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About The Book

Adele Pietra has heard her mother say that her destiny is carved in the same brilliantly hued granite her father and brother cleave from the Stony Creek mine: she is to marry a quarryman. But when Adele's brother, Charles, dies in a mining accident, Adele sees the chance to change her life. Enrolling at Yale as Charles, Adele assumes his identity -- and gender -- as a way to leave behind her mother's expectations and the limitations of her provincial Connecticut town.

To her own surprise, hair chopped and chest bound, Adele falls in naturally with a lively crew of undergraduates: the Jewish Harry Persky with his slick Manhattan know-how, the quiet and mysterious legacy student Phineas, and the lanky, charismatic Wick. And in many ways, Adele faces her freshman year at Yale as would any undergraduate boy: she dreads invasive PE examinations and looks forward to dances, experiments with cigarettes and reads the classics. Through her work with a questionable eugenics professor and her friendship with a local Italian family, Adele confronts her class and ethnicity as never before, all the while fearing that both her crush on Wick and her mother's well-meaning interventions will put an end to her delicate masquerade.

One part social history, one part comingof-age tale, On Borrowed Wings is an impeccably researched first novel that transports us to 1930s Yale, showing us around through the eyes of an unlikely, appealing female narrator.

Reading Group Guide

On Borrowed Wings by Chandra Prasad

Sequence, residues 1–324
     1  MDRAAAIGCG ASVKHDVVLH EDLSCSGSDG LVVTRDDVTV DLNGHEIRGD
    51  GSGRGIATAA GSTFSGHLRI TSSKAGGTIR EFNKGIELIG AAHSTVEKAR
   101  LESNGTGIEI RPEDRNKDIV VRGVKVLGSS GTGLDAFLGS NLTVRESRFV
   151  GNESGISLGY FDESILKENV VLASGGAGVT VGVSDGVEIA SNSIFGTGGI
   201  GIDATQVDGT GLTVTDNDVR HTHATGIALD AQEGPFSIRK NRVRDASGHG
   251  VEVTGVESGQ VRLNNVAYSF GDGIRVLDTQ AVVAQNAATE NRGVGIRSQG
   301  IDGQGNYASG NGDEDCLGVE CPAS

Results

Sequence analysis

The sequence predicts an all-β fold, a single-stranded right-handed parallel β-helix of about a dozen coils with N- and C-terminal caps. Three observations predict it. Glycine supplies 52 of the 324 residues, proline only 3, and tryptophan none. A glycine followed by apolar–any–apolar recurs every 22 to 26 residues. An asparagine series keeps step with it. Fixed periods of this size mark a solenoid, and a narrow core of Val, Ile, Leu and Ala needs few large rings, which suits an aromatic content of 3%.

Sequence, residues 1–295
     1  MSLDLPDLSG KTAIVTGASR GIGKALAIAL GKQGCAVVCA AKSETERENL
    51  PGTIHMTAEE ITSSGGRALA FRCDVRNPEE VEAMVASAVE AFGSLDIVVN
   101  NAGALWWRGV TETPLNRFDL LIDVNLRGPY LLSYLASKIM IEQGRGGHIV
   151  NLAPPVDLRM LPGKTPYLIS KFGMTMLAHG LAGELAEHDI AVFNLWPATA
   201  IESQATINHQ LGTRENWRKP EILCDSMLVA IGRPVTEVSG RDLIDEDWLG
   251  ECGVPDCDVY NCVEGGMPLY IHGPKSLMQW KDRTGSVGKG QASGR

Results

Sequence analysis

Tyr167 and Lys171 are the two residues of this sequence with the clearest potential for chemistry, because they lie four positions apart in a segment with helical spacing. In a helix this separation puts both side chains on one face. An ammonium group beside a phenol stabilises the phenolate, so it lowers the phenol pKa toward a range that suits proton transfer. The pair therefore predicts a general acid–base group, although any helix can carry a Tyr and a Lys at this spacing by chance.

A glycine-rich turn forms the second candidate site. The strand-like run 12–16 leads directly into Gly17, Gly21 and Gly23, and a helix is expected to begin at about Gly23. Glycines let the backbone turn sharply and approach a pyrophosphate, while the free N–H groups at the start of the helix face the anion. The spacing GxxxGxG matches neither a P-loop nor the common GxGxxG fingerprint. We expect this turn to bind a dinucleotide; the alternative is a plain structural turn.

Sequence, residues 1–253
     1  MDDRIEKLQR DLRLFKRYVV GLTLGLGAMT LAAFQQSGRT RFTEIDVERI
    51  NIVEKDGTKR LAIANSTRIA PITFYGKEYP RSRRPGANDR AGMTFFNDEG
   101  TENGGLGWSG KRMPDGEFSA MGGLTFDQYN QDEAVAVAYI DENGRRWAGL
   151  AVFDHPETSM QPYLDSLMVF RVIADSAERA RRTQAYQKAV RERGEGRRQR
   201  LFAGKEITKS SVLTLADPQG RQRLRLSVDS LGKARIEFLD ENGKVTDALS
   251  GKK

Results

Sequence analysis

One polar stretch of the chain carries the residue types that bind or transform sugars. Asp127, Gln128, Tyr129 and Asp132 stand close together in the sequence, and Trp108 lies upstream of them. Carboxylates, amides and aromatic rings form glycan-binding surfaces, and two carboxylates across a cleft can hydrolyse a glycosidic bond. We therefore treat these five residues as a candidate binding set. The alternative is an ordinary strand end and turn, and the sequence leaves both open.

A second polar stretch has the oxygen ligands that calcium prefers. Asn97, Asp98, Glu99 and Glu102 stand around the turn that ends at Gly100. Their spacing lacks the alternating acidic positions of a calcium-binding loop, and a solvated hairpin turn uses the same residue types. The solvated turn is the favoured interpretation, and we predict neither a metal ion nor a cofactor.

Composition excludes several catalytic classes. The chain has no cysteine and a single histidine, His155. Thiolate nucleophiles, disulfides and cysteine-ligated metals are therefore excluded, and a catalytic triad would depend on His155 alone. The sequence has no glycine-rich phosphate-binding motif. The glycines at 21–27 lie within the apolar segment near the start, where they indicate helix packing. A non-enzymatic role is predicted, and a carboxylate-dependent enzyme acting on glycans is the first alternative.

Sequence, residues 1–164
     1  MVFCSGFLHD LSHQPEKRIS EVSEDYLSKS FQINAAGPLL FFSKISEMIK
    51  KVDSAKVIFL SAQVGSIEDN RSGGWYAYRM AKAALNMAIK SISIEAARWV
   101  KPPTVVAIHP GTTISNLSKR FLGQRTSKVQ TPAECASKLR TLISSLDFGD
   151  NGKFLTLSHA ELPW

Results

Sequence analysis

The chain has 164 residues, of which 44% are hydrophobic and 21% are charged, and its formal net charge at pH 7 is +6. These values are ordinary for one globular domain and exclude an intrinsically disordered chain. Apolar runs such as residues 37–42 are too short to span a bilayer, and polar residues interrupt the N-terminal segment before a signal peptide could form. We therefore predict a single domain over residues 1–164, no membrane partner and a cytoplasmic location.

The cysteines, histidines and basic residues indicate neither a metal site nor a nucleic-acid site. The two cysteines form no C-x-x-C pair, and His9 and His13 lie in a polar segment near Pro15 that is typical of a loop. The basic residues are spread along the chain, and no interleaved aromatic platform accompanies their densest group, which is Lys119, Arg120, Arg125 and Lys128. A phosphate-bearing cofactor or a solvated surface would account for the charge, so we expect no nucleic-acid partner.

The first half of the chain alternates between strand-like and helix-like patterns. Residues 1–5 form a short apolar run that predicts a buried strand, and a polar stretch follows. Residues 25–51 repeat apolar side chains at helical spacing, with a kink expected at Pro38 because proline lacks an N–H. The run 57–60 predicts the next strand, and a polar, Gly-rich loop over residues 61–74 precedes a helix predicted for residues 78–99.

Reading Group Guide


On Borrowed Wings is the impeccably researched and imaginatively written story of Adele Pietra, a bright and restless girl raised by an unhappy couple in the granite town of Stony Creek, Connecticut. Determined not to follow in her mother's footsteps and marry a quarryman, Adele spends the summer of 1936 dreaming of escape and adventure. When her brother Charles is killed in a mining accident she sees her chance and, assuming Charles's identity and gender, enrolls as a freshman at Yale. Adele befriends a lively crew of undergraduate boys, including charismatic troublemaker Wick Foster. Despite her admirable navigation of Yale's rigorous social and academic pressures, great obstacles spring up along the way. Her work with a mentally unsound eugenics professor, her inconvenient crush on Wick, and her mother's unexpected meddling threaten to put an end to Adele's masquerade and her chance for a better life.

Questions for Discussion
1. On Borrowed Wings contains rich and historically accurate detail about a place few people have experienced firsthand. What did you learn about the collegiate experience in the first half of the 20th century, and about Yale in particular? What interested you most? What aspects of Yale's history would you have liked to have seen explored more?

2. When Amelia Earhart gives her speech at Yale, the students ask her pointedly personal questions about her home life and whether she plans to have children. What does this scene reveal about the expectations of women in the 1930s? Does this change your attitude toward the risks Adele takes by impersonating a man? Discuss the issue of gender roles in the book.

3. Discuss the various meanings of the book's title. Consider recurring motifs such as birds, flight, and the ways in which several characters borrow other identities.